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What is NATO, and what role will it play in Russia’s attack on Ukraine? 5 brief facts

Russia's President Vladimir Putin. (Alexei Nikolsky/Russian Presidential Press and Information Office/TASS/Abaca Press/TNS)

As Russia invades Ukraine in what Russian President Vladimir Putin calls a “special military operation” — seen by Ukrainian President Volodymyr Zelenskyy as a “declaration of war” — a major alliance has vowed to defend Ukraine.

While Ukraine is not a member of the North Atlantic Treaty Organization, known as NATO, the alliance says it stands ready to assist in what it calls “Russia’s unjustified and unprovoked attack on Ukraine.”

Here’s what you need to know about NATO and its role in the Russia-Ukraine conflict.

What is NATO?

NATO is a group of 30 member countries that agree to work together to ensure the security of the Northern Atlantic area.

“NATO’s purpose is to guarantee the freedom and security of its members through political and military means,” according to its website. Politically, the alliance promotes democracy, and it allows its members to “consult and cooperate on defence and security-related issues to solve problems, build trust and, in the long run, prevent conflict.”

The alliance says it is committed to “peaceful resolution of disputes,” but if diplomatic efforts do not work, NATO says “it has the military power to undertake crisis-management operations.”

Its “crisis-management” can include military operations before, during and after conflicts and may be carried out as part of Article 5 of the Washington Treaty. In that article, “members agree that an armed attack against one of them in Europe or North America will be considered an attack against them all,” McClatchy News previously reported. “They agree that each of them will assist the parties attacked by taking any action deemed necessary, including the use of armed force.”

NATO was formed by the U.S., Canada and several Western European countries in 1949 “to provide collective security against the Soviet Union.”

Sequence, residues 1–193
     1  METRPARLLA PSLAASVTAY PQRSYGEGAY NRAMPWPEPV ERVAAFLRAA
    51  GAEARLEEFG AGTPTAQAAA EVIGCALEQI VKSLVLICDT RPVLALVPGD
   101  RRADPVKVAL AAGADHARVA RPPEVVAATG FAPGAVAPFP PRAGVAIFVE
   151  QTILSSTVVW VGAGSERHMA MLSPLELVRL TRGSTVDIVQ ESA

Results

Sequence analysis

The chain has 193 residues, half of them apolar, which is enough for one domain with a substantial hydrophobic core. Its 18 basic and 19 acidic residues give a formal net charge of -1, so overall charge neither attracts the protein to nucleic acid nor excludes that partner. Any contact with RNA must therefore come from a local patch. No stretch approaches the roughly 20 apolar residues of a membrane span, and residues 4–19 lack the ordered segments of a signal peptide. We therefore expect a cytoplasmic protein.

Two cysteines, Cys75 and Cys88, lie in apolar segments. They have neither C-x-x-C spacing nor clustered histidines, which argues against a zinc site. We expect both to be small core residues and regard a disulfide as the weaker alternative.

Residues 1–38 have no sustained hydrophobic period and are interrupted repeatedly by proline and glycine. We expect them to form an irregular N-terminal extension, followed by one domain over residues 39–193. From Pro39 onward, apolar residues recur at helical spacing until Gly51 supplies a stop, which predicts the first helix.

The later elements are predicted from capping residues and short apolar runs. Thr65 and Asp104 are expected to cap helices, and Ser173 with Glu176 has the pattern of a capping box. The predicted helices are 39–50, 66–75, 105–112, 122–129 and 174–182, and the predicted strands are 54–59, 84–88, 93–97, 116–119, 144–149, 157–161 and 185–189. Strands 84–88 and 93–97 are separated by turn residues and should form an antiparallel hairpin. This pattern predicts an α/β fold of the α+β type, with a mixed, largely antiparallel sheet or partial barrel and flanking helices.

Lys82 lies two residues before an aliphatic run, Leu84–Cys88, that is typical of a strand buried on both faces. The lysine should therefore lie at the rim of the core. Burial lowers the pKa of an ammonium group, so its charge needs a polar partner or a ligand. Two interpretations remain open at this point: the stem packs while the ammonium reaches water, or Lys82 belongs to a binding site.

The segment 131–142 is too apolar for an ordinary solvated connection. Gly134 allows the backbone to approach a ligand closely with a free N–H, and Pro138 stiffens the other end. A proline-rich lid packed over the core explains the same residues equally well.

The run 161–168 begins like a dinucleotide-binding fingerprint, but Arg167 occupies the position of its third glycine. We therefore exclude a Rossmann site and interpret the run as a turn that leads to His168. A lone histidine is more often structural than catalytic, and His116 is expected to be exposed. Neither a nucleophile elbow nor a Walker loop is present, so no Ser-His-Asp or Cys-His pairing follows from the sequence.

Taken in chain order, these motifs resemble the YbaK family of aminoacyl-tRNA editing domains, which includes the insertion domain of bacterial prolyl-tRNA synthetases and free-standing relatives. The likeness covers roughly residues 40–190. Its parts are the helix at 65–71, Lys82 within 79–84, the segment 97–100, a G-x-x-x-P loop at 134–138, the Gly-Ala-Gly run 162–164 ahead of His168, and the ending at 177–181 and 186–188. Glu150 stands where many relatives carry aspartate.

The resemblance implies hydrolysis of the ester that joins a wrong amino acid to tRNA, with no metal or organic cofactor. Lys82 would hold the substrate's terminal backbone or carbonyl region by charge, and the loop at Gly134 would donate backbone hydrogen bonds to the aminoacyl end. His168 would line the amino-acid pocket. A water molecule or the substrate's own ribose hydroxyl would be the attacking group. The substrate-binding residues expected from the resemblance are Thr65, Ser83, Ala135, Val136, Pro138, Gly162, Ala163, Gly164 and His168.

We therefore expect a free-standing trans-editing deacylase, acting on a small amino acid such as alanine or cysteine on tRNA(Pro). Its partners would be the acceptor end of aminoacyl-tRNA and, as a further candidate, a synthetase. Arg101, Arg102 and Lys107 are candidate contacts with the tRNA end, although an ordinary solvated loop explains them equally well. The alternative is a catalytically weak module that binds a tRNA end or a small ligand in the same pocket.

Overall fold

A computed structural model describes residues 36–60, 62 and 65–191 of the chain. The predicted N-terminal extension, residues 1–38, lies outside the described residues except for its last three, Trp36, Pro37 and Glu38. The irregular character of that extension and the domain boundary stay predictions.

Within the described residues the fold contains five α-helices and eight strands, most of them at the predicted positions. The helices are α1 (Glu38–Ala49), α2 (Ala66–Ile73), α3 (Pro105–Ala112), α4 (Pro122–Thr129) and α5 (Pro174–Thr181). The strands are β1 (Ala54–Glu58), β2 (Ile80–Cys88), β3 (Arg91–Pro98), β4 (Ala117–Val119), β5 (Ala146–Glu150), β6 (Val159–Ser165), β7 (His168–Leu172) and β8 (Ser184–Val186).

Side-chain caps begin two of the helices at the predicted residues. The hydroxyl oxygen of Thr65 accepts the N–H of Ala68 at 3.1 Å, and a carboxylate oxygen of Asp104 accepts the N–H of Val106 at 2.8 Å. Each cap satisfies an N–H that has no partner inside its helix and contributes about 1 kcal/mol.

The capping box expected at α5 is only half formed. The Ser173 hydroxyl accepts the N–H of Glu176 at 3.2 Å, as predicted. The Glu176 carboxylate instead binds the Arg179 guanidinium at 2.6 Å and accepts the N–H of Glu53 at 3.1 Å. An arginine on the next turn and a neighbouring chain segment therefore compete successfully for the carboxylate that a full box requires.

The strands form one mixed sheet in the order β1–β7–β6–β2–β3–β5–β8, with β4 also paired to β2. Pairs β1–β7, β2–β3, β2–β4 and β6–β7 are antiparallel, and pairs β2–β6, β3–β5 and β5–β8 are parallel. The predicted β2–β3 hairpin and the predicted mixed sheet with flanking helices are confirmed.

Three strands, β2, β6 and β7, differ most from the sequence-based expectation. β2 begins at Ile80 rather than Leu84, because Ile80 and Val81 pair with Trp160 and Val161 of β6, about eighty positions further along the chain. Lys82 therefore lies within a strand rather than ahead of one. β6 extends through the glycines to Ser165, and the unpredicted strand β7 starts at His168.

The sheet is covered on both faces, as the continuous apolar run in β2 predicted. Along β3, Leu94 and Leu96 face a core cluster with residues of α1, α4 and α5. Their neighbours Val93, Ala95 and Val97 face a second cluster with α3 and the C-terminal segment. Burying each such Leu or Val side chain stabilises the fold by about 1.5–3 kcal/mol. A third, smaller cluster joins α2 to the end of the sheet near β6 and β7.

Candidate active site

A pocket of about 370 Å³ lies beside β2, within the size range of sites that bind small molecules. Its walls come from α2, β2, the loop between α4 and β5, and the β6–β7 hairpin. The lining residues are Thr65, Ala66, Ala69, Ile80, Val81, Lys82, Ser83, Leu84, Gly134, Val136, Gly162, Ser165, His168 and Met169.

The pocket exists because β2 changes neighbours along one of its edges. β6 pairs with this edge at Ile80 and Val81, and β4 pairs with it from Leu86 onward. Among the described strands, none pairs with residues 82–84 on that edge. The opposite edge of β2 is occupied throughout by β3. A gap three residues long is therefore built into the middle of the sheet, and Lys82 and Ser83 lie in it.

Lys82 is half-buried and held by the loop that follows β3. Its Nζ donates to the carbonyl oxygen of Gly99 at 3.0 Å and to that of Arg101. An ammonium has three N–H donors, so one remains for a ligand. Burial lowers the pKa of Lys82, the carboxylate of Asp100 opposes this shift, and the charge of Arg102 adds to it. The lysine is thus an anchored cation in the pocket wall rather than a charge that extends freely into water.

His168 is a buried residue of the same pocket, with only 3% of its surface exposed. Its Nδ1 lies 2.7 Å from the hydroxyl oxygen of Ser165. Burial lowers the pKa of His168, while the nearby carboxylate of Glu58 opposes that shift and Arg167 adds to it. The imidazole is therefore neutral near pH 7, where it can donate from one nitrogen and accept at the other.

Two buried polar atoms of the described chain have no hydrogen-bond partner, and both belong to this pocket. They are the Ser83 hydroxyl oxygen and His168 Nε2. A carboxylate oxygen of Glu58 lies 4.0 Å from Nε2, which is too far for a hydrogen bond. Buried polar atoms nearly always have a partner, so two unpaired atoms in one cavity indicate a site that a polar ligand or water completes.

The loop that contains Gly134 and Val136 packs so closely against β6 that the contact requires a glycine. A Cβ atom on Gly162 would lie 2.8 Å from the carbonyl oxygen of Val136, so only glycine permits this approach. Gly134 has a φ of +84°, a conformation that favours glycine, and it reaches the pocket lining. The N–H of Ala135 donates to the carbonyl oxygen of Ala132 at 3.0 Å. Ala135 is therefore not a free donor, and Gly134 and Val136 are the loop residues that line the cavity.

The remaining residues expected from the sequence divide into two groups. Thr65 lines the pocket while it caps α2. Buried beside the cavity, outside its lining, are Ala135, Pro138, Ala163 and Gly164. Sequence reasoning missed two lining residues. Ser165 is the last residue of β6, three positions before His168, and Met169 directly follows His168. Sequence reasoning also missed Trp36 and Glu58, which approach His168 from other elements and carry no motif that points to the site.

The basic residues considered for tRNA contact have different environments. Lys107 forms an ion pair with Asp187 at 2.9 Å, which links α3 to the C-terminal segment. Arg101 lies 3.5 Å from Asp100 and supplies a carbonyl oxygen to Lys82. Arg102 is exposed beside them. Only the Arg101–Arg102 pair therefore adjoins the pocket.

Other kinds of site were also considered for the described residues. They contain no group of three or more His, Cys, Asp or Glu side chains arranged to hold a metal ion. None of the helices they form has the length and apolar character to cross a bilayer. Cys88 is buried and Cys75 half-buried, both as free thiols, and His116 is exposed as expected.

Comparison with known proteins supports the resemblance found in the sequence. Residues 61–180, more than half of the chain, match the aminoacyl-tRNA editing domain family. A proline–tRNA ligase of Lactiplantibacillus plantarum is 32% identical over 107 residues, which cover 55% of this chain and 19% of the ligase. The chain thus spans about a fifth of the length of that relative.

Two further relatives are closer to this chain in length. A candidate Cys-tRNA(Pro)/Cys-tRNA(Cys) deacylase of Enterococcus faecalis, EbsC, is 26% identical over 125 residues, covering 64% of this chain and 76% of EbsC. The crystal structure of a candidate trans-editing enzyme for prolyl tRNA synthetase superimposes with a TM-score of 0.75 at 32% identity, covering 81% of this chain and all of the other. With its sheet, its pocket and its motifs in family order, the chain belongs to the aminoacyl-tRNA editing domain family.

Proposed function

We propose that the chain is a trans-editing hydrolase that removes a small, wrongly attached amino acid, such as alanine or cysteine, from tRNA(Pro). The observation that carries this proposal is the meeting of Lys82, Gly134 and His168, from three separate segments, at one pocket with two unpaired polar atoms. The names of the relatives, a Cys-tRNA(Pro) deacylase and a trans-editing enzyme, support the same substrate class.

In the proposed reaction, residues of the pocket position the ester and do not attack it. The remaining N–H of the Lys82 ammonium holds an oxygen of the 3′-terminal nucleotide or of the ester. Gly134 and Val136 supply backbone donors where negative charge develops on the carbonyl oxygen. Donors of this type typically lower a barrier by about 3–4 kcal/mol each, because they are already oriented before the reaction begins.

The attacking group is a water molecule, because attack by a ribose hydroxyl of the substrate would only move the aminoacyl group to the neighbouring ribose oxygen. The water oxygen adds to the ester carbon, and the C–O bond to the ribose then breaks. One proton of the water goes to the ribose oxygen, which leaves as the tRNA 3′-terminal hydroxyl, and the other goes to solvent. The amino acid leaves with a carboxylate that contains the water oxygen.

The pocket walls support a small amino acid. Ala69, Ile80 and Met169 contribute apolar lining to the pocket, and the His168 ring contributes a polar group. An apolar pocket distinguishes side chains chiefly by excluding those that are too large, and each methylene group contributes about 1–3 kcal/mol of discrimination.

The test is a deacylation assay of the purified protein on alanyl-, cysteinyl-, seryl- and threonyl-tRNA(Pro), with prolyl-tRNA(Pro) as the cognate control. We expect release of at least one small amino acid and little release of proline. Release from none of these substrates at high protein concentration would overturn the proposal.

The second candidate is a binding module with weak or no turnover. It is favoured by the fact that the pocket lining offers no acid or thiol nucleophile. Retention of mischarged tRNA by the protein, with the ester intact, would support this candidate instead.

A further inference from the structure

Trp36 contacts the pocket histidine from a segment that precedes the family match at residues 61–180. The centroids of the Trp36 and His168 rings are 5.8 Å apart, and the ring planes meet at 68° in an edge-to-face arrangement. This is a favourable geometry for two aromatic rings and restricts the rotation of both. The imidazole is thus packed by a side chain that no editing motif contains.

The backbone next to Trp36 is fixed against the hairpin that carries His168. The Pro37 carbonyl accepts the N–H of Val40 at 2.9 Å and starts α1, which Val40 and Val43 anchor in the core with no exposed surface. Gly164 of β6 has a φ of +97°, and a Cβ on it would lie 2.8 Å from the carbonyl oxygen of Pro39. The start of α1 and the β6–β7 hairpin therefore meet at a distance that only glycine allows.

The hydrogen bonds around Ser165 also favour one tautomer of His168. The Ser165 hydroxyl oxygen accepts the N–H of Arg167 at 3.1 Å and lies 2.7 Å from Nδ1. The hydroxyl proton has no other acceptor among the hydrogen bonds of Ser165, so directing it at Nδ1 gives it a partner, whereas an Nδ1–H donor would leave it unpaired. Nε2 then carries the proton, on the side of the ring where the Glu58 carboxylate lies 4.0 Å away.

What nations are in NATO?

There are 30 independent countries that belong to NATO, all in Europe and North America.

Those nations are Albania, Belgium, Bulgaria, Canada, Croatia, the Czech Republic, Denmark, Estonia, France, Germany, Greece, Hungary, Iceland, Italy, Latvia, Lithuania, Luxembourg, Montenegro, Netherlands, North Macedonia, Norway, Poland, Portugal, Romania, Slovakia, Slovenia, Spain, Turkey, the United Kingdom and the United States.

“Every day, member countries consult and take decisions on security issues at all levels and in a variety of fields,” NATO says. “A ‘NATO decision’ is the expression of the collective will of all 30 member countries since all decisions are taken by consensus.”

Neither Ukraine nor Russia is in NATO.

How do nations join NATO?

Countries that aspire to join the alliance should follow NATO’s Membership Action Plan (MAP), which involves work that would prepare a nation for membership. This includes outlining a country’s “political, economic, defence, resource, security and legal aspects.”

Countries that do complete MAP are not guaranteed future membership, according to NATO. Bosnia and Herzegovina is the only country actively participating in MAP.

Has Ukraine tried to join NATO?

The Ukrainian Parliament adopted legislation that reinstated the country’s goal to become a NATO member in June 2017, according to NATO. A “corresponding amendment” was added to its constitution in 2019.

Soon after, in September 2020, Zelenskyy approved his country’s National Security Strategy, “which provides for the development of the distinctive partnership with NATO with the aim of membership in NATO.”

What role will NATO play in Russia’s attack on Ukraine?

Because Ukraine is not a member of NATO, the alliance and its members are not bound to defend it. But following an emergency meeting of the North Atlantic Council, the organization did just that.

“NATO Allies condemn Russia’s invasion of Ukraine in the strongest possible terms,” NATO Secretary General Jens Stoltenberg said. “We call on Russia to immediately cease its military action, withdraw its forces from Ukraine, and choose diplomacy. We fully support Ukraine’s sovereignty and territorial integrity and Ukraine’s right of self-defence.”

In that meeting, the council decided to launch NATO’s defense plans to protect its allies under Article 4 of the Washington Treaty, which says members “will consult together whenever, in the opinion of any of them, the territorial integrity, political independence or security of any of the Parties is threatened.”

“Russia’s actions pose a serious threat to Euro-Atlantic security, and they will have geostrategic consequences,” the North Atlantic Council said in a statement. “NATO will continue to take all necessary measures to ensure the security and defence of all Allies. We are deploying additional defensive land and air forces to the eastern part of the Alliance, as well as additional maritime assets. We have increased the readiness of our forces to respond to all contingencies.”

Putin has warned other nations against getting involved in the conflict.

“Whoever tries to impede us, let alone create threats for our country and its people, must know that the Russian response will be immediate and lead to the consequences you have never seen in history,” Putin said Feb. 24, BBC News reported.


© 2022 McClatchy Washington Bureau

Distributed by Tribune Content Agency, LLC.